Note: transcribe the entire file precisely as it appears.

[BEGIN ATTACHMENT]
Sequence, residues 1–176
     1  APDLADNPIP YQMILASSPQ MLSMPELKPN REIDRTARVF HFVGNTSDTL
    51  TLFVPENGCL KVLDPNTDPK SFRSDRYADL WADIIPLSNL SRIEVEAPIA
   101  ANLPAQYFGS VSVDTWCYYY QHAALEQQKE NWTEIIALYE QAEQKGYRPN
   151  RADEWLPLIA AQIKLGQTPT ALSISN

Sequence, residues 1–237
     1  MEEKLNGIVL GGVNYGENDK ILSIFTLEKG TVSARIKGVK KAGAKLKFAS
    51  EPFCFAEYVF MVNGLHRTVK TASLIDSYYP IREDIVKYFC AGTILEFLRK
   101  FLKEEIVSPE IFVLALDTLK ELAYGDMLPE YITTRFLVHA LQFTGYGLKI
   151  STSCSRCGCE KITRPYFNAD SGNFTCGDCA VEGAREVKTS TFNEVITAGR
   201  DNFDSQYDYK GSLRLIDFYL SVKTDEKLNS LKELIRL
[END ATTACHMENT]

Sequence, residues 1–176
     1  APDLADNPIP YQMILASSPQ MLSMPELKPN REIDRTARVF HFVGNTSDTL
    51  TLFVPENGCL KVLDPNTDPK SFRSDRYADL WADIIPLSNL SRIEVEAPIA
   101  ANLPAQYFGS VSVDTWCYYY QHAALEQQKE NWTEIIALYE QAEQKGYRPN
   151  RADEWLPLIA AQIKLGQTPT ALSISN

Sequence, residues 1–237
     1  MEEKLNGIVL GGVNYGENDK ILSIFTLEKG TVSARIKGVK KAGAKLKFAS
    51  EPFCFAEYVF MVNGLHRTVK TASLIDSYYP IREDIVKYFC AGTILEFLRK
   101  FLKEEIVSPE IFVLALDTLK ELAYGDMLPE YITTRFLVHA LQFTGYGLKI
   151  STSCSRCGCE KITRPYFNAD SGNFTCGDCA VEGAREVKTS TFNEVITAGR
   201  DNFDSQYDYK GSLRLIDFYL SVKTDEKLNS LKELIRL